For the first time in his 20 years as a personnel man, Seattle Seahawks general manager John Schneider does not have a pick in the first round of the NFL draft.
But Schneider, who talked with reporters for 45 minutes in a predraft press conference Wednesday, won’t be twiddling his thumbs come the opening of the draft next week.
The Seahawks traded away this year’s first-round selection as part of a deal with Minnesota for receiver Percy Harvin, so the team’s first pick isn’t until the second round – No. 56 overall. Seattle has 10 total selections.
“We want to really see how this thing’s going to come off,” Schneider said, “because I think you’re going to see a certain run on players, and then that will help us figure out kind of what’s going to happen in the second round.
“No. 56 is a very hard place to try and figure out what’s going to be there. But I think we’re getting closer.”
Seattle filled some of the team’s most glaring needs in free agency, trading for Harvin and signing pass rushers Cliff Avril and Michael Bennett, along with run-stuffing defensive tackle Tony McDaniel and backup quarterback Brady Quinn.
Schneider acknowledged his team’s success in free agency will affect Seattle’s approach to the draft.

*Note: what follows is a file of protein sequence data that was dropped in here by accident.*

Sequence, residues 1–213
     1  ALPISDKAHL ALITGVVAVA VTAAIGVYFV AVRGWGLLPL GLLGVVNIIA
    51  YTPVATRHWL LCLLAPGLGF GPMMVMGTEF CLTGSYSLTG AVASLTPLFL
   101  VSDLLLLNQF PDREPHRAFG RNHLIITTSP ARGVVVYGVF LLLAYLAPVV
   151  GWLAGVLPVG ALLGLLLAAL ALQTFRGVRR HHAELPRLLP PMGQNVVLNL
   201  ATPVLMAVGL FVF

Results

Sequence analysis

“I’d be lying to you if I said it doesn’t,” Schneider said. “We build our board off of our team. We don’t build it for the league. So it’s impacted based on the depth at each position, and then how we think people can compete at certain positions with the guys that are currently on our roster, or guys that we project may not be on our roster in 2014.”
Schneider also announced that the Seahawks finalized the deal with defensive back Antoine Winfield, a reported one-year agreement worth $3 million.
Finishing the deal was delayed because Winfield had a death in the family – his wife’s grandfather died, and the family needed time to attend the funeral.
“He’s here,” Schneider said about Winfield. “What went into it was, quite frankly, his agent was very aggressive in reaching out to us and expressing Antoine’s interest in playing with this defensive backfield, and our defense.”
Schneider said Winfield had a great conversation with coach Pete Carroll about the team’s overall philosophy – how it handles competition. From there, Winfield and his wife, Erniece, flew out to tour Seattle and the Seahawks’ facility, before returning to Minnesota to make the tough decision on whether to stay with the Vikings or move on to Seattle.
“He had a lot of angst for I’d say probably four or five days,” Schneider said. “And we stayed after it just from our side from a recruiting standpoint.”
Winfield is expected to serve as the team’s nickel cornerback, replacing Marcus Trufant – a 32-year-old Tacoma native who remains a free agent. Even though Richard Sherman and Brandon Browner are Seattle’s starting cornerbacks, Schneider said the team considers Winfield a starter because he’ll play between 50 to 70 percent of the snaps this season.